|Fishbowl view of tomatoes. Planted too close together,|
but they're making it work.
9. Tomatoes, of course. I don't actually like fresh tomatoes all that much, so I can't speak to the flavor. I know it's different but it's still...tomatoey. But I love cooked or dried tomatoes and my spouse goes nuts for all tomatoes. I've started appreciating cherry tomatoes and if you just have a small area or the space for one little container tomato plant, do a grape or cherry tomato. Those things are champion producers, and if you have extras they can be dried. If you have more space, there are endless varieties of tomatoes to get. Slicing tomatoes are good for things like sandwiches, some are better for salsa, saucing tomatoes are good for, you probably guessed it, making sauce. Some are better fresh, some need to be cooked to unleash their full potential. Just don't go with the big box store starts. They're basically the same as what you'd get from the grocery store and why are you growing them at home then? Branch out, friend.
10. Celery. I really like celery, but only if it's homegrown. Grocery store celery is just so watery and tasteless. Garden celery has an amazing amount of flavor, enough that it can be overpowering if you use as much in a recipe as you're used to. It's also a much darker green when I grow it at home, so it pops visually when I cook with it. However, celery is a rather persnickety plant and can be tough to grow, particularly from seed. Most of mine died this year but I've got three that are finally starting to come into their own. They take a long time to get going--they were the longest of my seeds to sprout, and even discounting that time it took them the longest to start putting out their first true leaves--but it's so worth it.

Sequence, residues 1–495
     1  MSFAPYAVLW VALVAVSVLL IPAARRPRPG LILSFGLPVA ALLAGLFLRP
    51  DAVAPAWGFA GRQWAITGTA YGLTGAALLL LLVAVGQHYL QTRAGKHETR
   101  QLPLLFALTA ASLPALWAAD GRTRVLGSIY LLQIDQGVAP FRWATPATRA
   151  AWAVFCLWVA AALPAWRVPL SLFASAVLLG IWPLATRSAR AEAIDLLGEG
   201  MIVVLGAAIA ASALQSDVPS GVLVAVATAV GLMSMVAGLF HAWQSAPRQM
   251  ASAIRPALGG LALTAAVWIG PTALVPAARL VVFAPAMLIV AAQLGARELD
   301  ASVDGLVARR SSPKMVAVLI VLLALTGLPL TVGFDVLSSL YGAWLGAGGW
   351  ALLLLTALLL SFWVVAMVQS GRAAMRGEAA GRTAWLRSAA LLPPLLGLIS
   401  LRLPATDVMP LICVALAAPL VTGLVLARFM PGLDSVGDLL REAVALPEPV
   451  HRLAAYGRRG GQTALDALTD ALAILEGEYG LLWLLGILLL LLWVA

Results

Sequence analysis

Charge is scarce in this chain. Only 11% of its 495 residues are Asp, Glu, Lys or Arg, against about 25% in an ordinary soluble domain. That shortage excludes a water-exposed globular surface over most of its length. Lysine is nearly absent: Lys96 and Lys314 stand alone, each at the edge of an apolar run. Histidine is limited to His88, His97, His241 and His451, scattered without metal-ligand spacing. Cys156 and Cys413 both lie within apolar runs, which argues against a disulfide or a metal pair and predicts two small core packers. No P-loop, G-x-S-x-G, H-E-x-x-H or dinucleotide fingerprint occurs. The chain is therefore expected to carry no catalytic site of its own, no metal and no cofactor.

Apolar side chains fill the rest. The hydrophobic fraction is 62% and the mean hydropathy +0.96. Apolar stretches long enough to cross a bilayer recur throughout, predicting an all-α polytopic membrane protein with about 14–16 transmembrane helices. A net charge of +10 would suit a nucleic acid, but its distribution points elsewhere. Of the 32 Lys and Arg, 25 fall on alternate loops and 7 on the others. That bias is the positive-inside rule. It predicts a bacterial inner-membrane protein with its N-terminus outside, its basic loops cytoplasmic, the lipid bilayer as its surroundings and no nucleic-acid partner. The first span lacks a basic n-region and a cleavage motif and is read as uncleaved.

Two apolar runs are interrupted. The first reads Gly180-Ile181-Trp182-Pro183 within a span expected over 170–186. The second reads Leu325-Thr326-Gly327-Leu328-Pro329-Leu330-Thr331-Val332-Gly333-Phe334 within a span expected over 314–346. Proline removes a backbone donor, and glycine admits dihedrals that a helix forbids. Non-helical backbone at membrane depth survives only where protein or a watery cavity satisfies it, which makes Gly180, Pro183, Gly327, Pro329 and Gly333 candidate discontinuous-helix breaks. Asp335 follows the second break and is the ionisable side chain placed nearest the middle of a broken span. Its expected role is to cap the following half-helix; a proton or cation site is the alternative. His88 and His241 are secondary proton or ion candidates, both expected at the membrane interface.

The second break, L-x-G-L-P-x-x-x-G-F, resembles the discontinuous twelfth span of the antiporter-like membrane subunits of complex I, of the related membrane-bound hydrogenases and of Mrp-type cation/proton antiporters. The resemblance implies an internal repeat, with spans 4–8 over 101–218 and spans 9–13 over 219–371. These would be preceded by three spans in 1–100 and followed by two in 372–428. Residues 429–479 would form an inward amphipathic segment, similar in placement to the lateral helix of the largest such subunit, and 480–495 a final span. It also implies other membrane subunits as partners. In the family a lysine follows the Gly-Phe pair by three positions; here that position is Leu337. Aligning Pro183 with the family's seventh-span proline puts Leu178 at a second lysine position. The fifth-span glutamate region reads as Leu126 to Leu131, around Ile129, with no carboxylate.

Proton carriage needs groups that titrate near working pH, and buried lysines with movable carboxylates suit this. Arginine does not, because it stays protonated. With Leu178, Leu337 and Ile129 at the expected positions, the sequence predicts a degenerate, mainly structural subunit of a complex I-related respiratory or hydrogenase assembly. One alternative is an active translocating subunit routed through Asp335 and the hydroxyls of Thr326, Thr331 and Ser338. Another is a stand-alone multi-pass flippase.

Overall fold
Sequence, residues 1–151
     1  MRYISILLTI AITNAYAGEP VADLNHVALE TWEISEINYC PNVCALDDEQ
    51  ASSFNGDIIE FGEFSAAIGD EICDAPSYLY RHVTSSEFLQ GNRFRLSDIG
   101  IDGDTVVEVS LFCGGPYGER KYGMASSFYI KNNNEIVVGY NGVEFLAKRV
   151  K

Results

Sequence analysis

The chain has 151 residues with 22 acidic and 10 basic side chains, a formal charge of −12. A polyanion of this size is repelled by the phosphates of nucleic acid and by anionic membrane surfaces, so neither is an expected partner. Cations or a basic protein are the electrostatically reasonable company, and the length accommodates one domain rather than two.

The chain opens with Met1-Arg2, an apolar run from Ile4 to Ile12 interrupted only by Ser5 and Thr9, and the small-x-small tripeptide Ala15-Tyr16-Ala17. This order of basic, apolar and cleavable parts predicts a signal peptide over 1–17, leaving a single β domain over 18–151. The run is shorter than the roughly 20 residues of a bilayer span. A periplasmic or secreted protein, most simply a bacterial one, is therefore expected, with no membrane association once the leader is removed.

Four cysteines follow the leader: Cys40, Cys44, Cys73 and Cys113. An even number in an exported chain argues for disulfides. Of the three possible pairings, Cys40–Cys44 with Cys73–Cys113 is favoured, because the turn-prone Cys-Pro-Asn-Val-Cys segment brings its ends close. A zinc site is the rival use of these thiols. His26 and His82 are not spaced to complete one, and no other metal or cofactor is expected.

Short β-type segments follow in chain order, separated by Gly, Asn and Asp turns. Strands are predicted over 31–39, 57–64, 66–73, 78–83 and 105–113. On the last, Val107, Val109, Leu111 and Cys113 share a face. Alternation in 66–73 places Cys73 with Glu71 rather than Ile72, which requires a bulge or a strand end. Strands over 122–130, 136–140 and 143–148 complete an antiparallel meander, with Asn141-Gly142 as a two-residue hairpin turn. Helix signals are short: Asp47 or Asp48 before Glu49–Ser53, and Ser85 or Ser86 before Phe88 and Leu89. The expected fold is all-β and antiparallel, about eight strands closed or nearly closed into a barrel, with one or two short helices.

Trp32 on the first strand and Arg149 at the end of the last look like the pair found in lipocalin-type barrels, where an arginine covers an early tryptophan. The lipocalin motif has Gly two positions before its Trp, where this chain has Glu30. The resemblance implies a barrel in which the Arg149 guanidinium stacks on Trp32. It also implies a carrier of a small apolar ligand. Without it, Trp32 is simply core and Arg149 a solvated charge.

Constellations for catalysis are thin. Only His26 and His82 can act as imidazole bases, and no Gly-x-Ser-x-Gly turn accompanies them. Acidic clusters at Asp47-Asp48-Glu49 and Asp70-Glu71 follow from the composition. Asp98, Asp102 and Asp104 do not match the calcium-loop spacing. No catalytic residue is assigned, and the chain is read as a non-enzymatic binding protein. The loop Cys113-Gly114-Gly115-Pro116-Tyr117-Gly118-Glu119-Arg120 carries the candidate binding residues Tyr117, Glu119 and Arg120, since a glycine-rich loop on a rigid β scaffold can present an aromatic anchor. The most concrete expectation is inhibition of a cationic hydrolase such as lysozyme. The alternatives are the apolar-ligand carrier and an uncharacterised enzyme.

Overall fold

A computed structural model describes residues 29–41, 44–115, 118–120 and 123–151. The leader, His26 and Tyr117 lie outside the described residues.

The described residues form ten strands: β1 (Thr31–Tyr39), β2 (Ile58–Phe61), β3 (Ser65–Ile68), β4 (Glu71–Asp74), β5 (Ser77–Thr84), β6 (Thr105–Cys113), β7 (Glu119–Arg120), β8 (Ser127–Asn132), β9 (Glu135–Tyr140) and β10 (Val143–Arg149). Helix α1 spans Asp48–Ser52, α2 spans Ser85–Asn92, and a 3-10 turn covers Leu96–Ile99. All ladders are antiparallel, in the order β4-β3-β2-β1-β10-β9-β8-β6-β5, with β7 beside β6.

11. Bonus, but grow absolutely anything edible that is also perennial. It is the most effortless way, by far, to grow food, as well as the most efficient. I haven't had to do anything for our perennials except plant, water, and harvest. Maybe a tiny bit of weeding here and there in the blueberry beds. Compared to the endless tending to my other crops (starting them in pots, thinning them when they're too close, making sure they grow up the trellis, caging them or tying them up) the perennials have been a breeze. If you seriously lack money and/or time, perennials are the way to go.